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Three Public Cloud Security Factors That Stop Breaches
By: Brad Thies
Feb. 3, 2018 12:00 PM
Another day, another breach. No wonder security is tied for the top barrier to cloud adoption, according to 2017 research from RightScale, with 25 percent of survey respondents naming it, alongside expertise and expense, as their greatest challenge.
In the face of security concerns, IT executives have mistakenly found comfort in private clouds over public clouds. The RightScale survey found that enterprises run about 75 percent of workloads in the cloud, with 43 percent done in a private cloud and 32 percent handled in a public cloud.
No doubt, some of the enterprises using a private cloud have serious security protocols. But while private clouds can be protected with all the same tools as their public counterparts, they often aren't. It's probably why Alert Logic discovered that companies using pure public cloud environments averaged 405 security incidents, while hosted private cloud environments averaged 684 incidents.
When Security Matters Most, Go Public
Some executives assume that a lurking compliance requirement forbids the use of a public cloud. But no such hard-and-fast rule exists, and cloud service providers - the reputable ones, anyway - provide clear compliance road maps to their clients.
Other executives fear losing control in the event of a breach in someone else's environment, but these fears are also unfounded. The cloud doesn't fail; the implementation fails, or one party fails to abide by its shared security responsibilities.
Just because data exists in a public cloud environment doesn't mean it's at the mercy of that provider's security controls. And in any case, most public cloud providers have more robust security controls than companies that host their own private clouds.
To be clear, this isn't to say that public clouds are always more secure - only that most companies could enjoy stronger security by letting the experts manage their cloud data. Just about every public cloud provider offers three industry-leading security features:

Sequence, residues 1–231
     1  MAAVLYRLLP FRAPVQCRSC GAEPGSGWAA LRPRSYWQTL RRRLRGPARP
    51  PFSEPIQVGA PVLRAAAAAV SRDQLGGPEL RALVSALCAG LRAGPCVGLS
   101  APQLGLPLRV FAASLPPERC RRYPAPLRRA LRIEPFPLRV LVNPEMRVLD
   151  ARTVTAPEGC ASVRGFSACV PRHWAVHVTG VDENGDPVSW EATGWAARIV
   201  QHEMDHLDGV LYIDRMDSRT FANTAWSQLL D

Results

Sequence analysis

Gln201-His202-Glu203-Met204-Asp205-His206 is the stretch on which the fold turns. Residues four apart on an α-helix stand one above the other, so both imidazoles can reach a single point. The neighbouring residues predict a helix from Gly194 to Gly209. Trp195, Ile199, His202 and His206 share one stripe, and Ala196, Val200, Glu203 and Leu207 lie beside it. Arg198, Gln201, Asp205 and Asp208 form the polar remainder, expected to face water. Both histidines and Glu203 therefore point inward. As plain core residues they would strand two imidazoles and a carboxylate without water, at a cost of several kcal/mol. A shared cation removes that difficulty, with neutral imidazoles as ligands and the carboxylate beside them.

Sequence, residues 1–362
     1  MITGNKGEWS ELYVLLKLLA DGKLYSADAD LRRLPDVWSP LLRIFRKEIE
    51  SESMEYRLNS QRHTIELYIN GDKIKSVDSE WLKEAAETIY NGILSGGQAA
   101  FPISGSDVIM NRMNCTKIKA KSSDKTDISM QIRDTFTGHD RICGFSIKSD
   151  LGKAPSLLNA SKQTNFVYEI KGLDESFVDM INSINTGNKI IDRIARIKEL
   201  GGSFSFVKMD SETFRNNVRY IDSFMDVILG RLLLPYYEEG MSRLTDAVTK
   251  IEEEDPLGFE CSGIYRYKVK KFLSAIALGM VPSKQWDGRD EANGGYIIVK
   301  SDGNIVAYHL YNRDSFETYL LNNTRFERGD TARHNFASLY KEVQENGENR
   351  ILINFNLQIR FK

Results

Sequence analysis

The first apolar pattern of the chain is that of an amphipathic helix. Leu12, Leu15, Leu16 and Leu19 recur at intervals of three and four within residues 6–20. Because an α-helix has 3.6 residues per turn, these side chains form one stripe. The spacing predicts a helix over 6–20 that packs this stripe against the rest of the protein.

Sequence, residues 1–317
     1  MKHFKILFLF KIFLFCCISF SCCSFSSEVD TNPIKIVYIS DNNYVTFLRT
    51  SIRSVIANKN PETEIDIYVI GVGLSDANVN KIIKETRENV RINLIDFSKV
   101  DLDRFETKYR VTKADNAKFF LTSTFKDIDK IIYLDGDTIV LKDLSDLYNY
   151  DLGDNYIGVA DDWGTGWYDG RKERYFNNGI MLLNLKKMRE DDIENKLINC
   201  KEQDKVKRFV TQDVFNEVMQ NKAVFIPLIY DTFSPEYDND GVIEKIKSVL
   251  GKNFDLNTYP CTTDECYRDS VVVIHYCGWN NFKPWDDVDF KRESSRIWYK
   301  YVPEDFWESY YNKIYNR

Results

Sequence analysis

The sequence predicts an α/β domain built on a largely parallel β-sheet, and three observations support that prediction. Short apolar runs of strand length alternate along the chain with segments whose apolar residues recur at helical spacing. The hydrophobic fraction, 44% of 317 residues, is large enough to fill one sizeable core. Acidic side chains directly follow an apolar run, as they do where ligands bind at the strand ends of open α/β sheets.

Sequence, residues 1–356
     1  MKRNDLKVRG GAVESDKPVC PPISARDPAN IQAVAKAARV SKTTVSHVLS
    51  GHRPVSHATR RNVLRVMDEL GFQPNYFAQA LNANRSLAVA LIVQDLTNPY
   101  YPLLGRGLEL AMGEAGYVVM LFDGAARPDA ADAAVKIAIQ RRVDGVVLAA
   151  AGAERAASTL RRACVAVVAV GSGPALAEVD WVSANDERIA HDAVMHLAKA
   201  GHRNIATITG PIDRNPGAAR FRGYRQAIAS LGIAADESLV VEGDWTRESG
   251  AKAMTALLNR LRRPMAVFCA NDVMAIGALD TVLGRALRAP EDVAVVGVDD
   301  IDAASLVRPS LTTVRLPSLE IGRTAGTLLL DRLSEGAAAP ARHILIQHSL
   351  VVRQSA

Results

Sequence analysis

1. Modern patch management and malware safeguards
Companies using private clouds are responsible for patching their own environments. Poor patch management leads to security vulnerabilities, creating windows for attackers to strike.
Public providers typically have more resources to dedicate to these maintenance cycles. As a general rule, older systems carry known vulnerabilities, including weaker malware defenses, while newer ones offer better anti-exploitation features. Most public cloud companies keep their equipment up-to-date because they don't have to compete for internal resources like private cloud solutions do.
2. Virtual private networks and segmentation
Private environments tend to have more "flat networks" than public ones. Because network segmentation is difficult to administer, many large organizations prefer to manage a single network across the enterprise rather than cordon off critical systems. But fewer walls makes it easier for hackers to access important systems.
Public clouds isolate sensitive applications and data while still pooling resources. Segmented systems stop hackers from moving through networks easily, making public clouds better at limiting damage should a breach occur.
3. Better identification and access management tools
Most hackers don't rely on fancy tricks to gain network access. Per Verizon's 2017 Data Breach Investigations Report, 81 percent of hacking breaches involve stolen or weak passwords.
In my experience, on-premise or private cloud environments tend to use outdated identity and access management tools. These often rely on centralized directories to connect everything. Unfortunately, they expose more than necessary when opening the private cloud to external resources, such as mobile, IoT, and web applications. Public cloud products have improved federating identity management built in, which enables security practices like single sign-on, attribute management, and access control.
Even if a public cloud is breached, the data within isn't necessarily in danger. Clients that manage their own encryption keys stop hackers from deciphering their stolen goods. AWS clients using Box KeySafe, for example, keep their data safe in Box while storing their keys outside of Box's environment.
Virtually every company depends - or will soon depend - on the cloud to store and access data, but misconceptions surrounding public clouds prevent them from making secure choices. Leave it to a company that does cloud security for a living, and you'll drastically drop your chances of being breached.
Brad Thies is the founder and president of BARR Advisory, an assurance and advisory firm specializing in cybersecurity, risk management, and compliance. Brad speaks regularly at industry events such as ISACA conferences, and he is a member of AICPA's Trust Information Integrity Task Force. Brad's advice has been featured in Entrepreneur, Cloud Computing Journal, Small Business CEO, and Information Security Buzz. Prior to founding BARR, Brad managed KPMG's risk consulting division. He is a CPA and CISA.
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